The recovery of 12 vehicles to Baltimore from Antwerp, Belgium announced this week reportedly illustrates a troubling trend in vehicle theft, the targeting of luxury vehicles in the United States for theft and export to foreign nations, according to the National Insurance Crime Bureau (NICB).
The luxury vehicles valued at more than $700,000, including Cadillac Escalades, BMWs, a Lincoln Navigator and a Mercedes CL 500, were on their way to Nigeria when the shipment was halted in Antwerp as the result of an investigation by the Baltimore County Regional Auto Theft Task Force, the FBI, Belgian police, the NICB and several other law enforcement agencies.
The vehicles, including one rental car, were reportedly stolen off the street and from car dealerships in Florida, Georgia and New York. The value of this recovery combined with the similar recovery of 10 additional luxury vehicles in Baltimore earlier this summer totals more than $1 million.
More than 1.2 million vehicles worth more than $8.2 billion are stolen in the United States each year with approximately 200,000 illegally exported out of the country, said the NICB. FBI statistics show that vehicle theft increased 4.2 percent during the first six-months of 2002, compared with the same period in 2001 (latest data available), continuing an upward trend after over a 30% decline in the 1990’s.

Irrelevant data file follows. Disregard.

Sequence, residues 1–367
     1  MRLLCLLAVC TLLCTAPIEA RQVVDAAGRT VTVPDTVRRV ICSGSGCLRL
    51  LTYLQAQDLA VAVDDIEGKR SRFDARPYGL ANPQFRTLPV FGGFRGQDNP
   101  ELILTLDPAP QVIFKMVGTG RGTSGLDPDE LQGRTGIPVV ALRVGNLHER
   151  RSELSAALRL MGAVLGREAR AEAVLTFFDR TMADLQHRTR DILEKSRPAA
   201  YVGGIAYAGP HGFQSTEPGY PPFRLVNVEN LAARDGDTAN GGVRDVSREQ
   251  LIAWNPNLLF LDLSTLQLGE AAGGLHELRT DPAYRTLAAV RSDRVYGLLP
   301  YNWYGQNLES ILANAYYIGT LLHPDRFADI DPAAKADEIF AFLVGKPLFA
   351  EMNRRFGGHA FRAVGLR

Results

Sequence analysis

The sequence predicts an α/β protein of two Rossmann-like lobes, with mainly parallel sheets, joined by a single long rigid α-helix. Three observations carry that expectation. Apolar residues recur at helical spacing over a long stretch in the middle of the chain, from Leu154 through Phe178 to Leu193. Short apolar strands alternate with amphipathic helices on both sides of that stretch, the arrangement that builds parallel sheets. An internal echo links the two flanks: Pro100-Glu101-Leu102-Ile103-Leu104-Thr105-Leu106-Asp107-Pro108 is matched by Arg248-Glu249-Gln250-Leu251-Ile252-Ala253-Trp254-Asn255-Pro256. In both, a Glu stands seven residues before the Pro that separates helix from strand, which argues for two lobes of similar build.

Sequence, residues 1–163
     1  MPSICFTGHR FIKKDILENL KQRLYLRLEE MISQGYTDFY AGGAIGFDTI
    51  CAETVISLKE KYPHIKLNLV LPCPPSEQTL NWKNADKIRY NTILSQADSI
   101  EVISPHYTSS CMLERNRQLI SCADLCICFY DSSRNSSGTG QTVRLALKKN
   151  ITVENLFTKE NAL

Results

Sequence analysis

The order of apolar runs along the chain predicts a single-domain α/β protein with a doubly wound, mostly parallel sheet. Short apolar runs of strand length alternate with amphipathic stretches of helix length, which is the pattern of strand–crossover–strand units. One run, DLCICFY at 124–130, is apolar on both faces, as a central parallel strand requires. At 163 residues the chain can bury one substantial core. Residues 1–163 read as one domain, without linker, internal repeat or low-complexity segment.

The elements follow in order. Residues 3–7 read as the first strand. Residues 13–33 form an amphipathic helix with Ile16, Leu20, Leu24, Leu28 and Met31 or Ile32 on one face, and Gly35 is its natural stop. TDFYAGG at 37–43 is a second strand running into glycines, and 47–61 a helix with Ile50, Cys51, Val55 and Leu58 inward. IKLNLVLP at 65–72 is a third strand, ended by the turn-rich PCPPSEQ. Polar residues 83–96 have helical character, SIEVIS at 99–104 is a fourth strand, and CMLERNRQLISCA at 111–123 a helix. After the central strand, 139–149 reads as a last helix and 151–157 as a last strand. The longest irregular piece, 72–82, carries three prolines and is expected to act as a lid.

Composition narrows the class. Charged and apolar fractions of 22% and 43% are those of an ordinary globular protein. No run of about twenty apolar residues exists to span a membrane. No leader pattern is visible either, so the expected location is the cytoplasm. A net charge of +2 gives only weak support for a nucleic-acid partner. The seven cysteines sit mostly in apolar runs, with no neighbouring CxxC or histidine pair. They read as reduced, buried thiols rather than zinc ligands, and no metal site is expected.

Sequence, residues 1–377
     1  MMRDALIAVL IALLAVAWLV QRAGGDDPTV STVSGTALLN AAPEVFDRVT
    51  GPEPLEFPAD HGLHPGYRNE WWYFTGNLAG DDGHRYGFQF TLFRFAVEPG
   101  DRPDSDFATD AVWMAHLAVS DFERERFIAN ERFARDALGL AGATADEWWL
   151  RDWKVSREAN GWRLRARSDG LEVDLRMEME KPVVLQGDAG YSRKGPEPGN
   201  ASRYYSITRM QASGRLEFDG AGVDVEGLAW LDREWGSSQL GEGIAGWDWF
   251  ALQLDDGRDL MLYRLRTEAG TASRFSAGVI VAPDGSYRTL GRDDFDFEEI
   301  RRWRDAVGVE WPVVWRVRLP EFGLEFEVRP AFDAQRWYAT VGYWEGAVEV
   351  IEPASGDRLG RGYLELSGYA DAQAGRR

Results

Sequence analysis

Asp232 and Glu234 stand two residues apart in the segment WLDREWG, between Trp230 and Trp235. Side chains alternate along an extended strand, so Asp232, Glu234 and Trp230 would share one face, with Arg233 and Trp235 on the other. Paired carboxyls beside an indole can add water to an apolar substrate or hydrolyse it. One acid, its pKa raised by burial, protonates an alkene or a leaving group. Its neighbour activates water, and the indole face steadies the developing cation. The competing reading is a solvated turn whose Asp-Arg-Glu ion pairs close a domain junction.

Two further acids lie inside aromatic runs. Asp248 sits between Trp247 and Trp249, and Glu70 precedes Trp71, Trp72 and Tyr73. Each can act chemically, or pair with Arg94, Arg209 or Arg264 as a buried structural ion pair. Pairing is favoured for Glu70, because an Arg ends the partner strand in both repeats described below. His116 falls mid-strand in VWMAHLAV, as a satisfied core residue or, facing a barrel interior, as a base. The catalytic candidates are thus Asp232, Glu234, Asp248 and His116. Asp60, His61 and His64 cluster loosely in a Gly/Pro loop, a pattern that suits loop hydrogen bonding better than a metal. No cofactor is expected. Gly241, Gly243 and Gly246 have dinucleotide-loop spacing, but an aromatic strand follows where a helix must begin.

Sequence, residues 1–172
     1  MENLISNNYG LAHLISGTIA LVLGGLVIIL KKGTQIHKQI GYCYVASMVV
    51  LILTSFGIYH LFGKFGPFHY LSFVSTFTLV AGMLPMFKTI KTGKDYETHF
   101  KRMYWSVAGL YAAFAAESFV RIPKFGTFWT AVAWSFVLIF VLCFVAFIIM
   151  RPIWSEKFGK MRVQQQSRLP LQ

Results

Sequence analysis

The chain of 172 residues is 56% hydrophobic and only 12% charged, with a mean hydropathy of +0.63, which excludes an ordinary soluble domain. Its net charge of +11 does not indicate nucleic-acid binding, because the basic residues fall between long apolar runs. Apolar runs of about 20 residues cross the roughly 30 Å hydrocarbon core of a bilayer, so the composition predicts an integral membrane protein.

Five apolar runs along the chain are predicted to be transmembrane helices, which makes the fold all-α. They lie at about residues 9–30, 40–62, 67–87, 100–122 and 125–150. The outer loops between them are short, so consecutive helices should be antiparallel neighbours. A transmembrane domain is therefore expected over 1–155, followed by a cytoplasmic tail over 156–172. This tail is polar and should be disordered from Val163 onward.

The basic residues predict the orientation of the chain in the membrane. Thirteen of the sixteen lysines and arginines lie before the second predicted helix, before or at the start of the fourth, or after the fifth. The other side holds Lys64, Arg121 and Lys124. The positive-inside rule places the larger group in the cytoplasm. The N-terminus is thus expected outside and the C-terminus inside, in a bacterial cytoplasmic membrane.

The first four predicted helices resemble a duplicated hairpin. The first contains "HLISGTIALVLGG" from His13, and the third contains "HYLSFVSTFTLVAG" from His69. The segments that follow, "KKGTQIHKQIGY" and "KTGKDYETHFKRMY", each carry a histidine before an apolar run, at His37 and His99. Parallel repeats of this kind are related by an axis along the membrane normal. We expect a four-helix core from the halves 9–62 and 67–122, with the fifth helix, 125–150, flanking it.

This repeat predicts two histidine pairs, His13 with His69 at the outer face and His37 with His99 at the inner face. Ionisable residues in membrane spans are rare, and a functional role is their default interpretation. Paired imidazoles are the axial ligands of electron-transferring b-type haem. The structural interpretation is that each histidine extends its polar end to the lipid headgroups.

At the same time, the recovery rate of stolen vehicles has declined from the mid 80 percent in the early 1990 to 62 percent in 2001 (latest data available). Many of the un-recovered vehicles are shipped overseas or driven across international borders. NICB (www.nicb.org) estimates approximately 200,000 stolen vehicles are illegally exported out of the country each year.
“People who live in communities near ports and international borders need to pay special attention to protecting their cars and trucks from thieves,” said Robert Bryant, NICB president and CEO. He also noted that the decline in the recovery rate is particularly troublesome.
“The drop in recoveries of stolen vehicles indicates growth in well-organized, professional theft rings who direct stolen vehicles to ‘chop shops’ which dismantle them for parts or transport them out of the country,” continued Bryant.
The NICB recommends a layered approach to preventing theft, with the number of layers depending on the vehicle, geographic location, budget and personal preference.
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